Two: Empowering Japan Inc. to expand abroad. Oddly, Japan’s biggest economic challenge — an aging, shrinking population — wasn’t even mentioned going into Sunday’s election. The mere suggestion that Asia’s No. 2 economy should welcome foreign talent is so taboo that Abe’s LDP and the opposition pretend the problem doesn’t exist. A dearth of growth opportunities at home has companies from Toyota to Fast Retailing, maker of the Uniqlo brand, tapping faster-growing overseas markets.

Unlike the overseas expansion of the 1980s, this time is about necessity and pragmatic calculation. The purchases of the ’80s were of the trophy variety: California’s Pebble Beach golf course and Universal Studios, New York’s Rockefeller Center and every Monet, Picasso and Warhol executives could grab at auction. This time it’s about going where the growth is, be it India, the Philippines or the U.S. NTT Data and Asahi Group are among those hammering out the details of some $23 billion overseas acquisitions.

Still, Abe’s yen debasement limited options. Now, as the currency rises, so are companies’ purchasing power. True, it’d be best if these jobs stayed at home — and they might’ve, had Abe used previous election mandates to enliven the economy. But the more Japan’s stays focused on a shrinking market, the most domestic employment rolls and profits will fall anyway.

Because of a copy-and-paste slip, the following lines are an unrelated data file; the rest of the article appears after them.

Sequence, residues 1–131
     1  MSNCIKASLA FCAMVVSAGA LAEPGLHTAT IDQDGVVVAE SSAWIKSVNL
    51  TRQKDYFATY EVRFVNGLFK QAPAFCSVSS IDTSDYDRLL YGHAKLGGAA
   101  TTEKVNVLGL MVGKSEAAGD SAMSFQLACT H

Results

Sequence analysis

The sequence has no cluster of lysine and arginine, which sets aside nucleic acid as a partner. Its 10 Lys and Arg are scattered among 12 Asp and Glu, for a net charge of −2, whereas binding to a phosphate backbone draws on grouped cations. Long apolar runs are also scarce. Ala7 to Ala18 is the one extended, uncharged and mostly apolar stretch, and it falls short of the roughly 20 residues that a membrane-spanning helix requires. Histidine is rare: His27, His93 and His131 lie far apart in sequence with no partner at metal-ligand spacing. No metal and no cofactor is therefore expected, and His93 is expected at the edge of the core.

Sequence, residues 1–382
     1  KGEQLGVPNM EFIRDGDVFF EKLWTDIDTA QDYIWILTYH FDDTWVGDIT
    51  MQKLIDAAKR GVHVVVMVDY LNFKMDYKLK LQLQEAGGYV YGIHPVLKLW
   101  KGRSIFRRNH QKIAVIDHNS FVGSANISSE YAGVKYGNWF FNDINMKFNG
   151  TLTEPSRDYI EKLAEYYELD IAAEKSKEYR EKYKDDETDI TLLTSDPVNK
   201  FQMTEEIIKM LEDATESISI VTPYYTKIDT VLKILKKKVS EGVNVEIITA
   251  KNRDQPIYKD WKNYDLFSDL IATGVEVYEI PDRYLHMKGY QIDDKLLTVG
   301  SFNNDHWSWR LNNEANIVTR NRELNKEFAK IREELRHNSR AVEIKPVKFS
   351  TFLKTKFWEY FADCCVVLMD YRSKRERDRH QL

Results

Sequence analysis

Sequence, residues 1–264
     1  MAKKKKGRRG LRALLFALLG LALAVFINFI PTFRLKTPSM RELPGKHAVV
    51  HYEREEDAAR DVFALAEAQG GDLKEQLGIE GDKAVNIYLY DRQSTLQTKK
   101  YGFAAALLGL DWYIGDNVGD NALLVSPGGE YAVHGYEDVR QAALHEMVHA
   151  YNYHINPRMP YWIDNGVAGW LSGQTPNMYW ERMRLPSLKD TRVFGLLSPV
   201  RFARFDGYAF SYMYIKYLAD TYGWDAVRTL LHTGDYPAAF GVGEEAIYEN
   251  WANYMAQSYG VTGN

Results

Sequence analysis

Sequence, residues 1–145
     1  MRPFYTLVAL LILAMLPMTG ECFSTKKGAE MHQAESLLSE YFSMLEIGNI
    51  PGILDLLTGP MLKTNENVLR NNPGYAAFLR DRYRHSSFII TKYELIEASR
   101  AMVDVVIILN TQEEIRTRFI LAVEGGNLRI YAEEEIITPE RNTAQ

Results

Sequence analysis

Three: Reducing the odds of a currency war. As Donald Trump rails against China’s trade policies, Tokyo is alarmed to hear the U.S. presidential candidate conflating Tokyo with Beijing. Japan asked for it, though, manipulating the yen at the expense of growth elsewhere. What’s more, it’s giving China political cover to weaken the yuan as its growth trajectory darkens. The yuan fell to its lowest levels since 2010 after the United Kingdom voted to leave the European Union. Odds are, it has much further to go. China must be careful, of course. A big devaluation might shock markets, just as in August 2015. It could lead to defaults on dollar loans.

It’s hard for the Group of Seven to criticize currency manipulation in Beijing, Seoul and elsewhere when one of its own members does it. A rising yen gives the G-7 — and, yes, a future President Trump — more latitude to bash blatant beggar-thy-neighbor policies. Given the fragile state of world markets, the last thing we need is another race to the bottom between Asia’s two big economic powers.

There are other ancillary benefits. A rising yen means Japan can import energy more cheaply at a time when virtually all of its nuclear power plants are offline. It’s also a sign of confidence, one that attracts more foreign capital, supports stocks and bond markets in the long run. A weak yen, by contrast, screams insecurity about a developed nation’s ability to generate growth organically and sustainably.

The biggest would be Abenomics reversing a policy that’s done more harm than good. The important question, of course, is will Abe follow markets’ lead and let the yen rise? Perhaps not, given his preference for corporate welfare over altering Japan’s playbook. But as Abenomics approaches the four-year mark, Tokyo is opting for Einstein over Joseph Schumpeter’s creative destruction. Markets are telling Abe to drop this weak-yen insanity. He’d be wise to listen.

Based in Tokyo, William Pesek is executive editor of Barron’s Asia and writes on Asian economics. www.barronsasia.com